What You Need to Know About Parent Visitation Schedules

Nobody wants to get divorced, but getting divorced when you have children can be heartbreaking because one or both parents lose the day-to-day interaction with their children. It’s critical to set up the best schedule of care for your children that you possibly can. Knowing the ins and outs of how that system works will help you to create the best parenting time schedule for your family.

Know Your States Parenting Time Rules
Every state has its own set of guidelines for how families will divide the time between parents. Approximately 40% of the US has parenting time divided equally between the parents for grade school level children. The rest range from 22% to 33% parenting, or visitation, time for the noncustodial parent. Find out what your state typically does and be prepared to work within those guidelines. For actual scheduling, you will normally follow the recommendations of your state if there are any conflicts between you. Every state has instructions mapped out for holidays for each year for the custodial and non-custodial parent so that disagreements can be kept to a minimum.

Factor in Your Spouse’s Flexibility
Most states visitation schedules are for “minimum parenting time.” If you and your spouse are on amicable terms, you are generally welcome to work out whatever schedule will be best for each of you. So, your state may have a minimum plan where the noncustodial parent has every other weekend visitation. If you and your spouse feel that a better arrangement is every weekend from Saturday noon to Sunday at six, though,  you can make personalized agreements. There are many possible variations in parenting time, so if you and your spouse are flexible, go ahead and do what works best for you.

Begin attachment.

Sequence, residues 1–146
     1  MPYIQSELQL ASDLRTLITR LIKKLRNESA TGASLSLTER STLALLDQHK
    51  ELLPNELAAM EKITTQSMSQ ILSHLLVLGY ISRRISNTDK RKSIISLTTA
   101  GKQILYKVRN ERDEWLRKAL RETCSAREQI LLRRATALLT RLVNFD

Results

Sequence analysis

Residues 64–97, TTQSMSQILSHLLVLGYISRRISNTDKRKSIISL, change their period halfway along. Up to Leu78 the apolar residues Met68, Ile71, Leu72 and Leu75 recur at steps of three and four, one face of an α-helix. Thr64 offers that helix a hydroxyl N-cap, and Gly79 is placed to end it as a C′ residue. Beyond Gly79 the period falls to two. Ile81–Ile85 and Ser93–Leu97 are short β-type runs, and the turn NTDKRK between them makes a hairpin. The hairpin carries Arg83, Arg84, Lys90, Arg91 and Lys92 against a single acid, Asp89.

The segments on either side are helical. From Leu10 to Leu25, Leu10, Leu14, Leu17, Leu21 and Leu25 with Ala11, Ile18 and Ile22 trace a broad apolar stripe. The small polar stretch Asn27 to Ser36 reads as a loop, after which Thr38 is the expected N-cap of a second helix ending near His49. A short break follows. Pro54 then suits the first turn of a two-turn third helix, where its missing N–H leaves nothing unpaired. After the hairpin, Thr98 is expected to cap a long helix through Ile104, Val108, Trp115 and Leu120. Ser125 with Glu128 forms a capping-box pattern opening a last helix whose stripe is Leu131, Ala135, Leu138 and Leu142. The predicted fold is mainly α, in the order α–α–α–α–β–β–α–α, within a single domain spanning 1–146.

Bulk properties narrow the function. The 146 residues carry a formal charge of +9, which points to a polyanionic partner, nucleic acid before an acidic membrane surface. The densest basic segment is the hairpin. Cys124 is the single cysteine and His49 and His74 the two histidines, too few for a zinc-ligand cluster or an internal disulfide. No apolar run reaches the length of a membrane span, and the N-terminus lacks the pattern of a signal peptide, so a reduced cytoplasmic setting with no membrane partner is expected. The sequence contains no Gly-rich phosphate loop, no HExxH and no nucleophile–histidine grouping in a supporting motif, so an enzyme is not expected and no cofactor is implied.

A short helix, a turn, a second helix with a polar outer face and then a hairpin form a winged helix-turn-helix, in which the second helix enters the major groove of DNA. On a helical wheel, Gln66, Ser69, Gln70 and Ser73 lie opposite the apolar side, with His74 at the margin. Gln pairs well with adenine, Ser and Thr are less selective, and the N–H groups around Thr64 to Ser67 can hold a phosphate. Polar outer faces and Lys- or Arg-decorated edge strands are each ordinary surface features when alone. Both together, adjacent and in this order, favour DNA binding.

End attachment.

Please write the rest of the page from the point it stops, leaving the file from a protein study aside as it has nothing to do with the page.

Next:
Consider Your Children
If your children are older, divorce courts often take their feelings into account. For example, adolescent girls like to have a “home base” to live in, and not have a shared 50% custody. Teenagers, in general, are notorious for not wanting as much time with their parents. Unfortunately, this doesn’t change because you get divorced. They will still spend most of their time – visitation or not – hanging out with their friends.

Divorce is a challenging time for everyone. It’s tempting for parents to fight over getting time with their children. However, this process should be about making sure that your children are as happy and well-adjusted as possible.

Divorce lawyers are experts in areas such as child visitation schedules. Contact a divorce attorney, like a divorce attorney in Austin, TX, to help you work out the best plan for you and your family.

Thanks to Gray Becker, PC for their insight into parent visitation schedules after a divorce is finalized.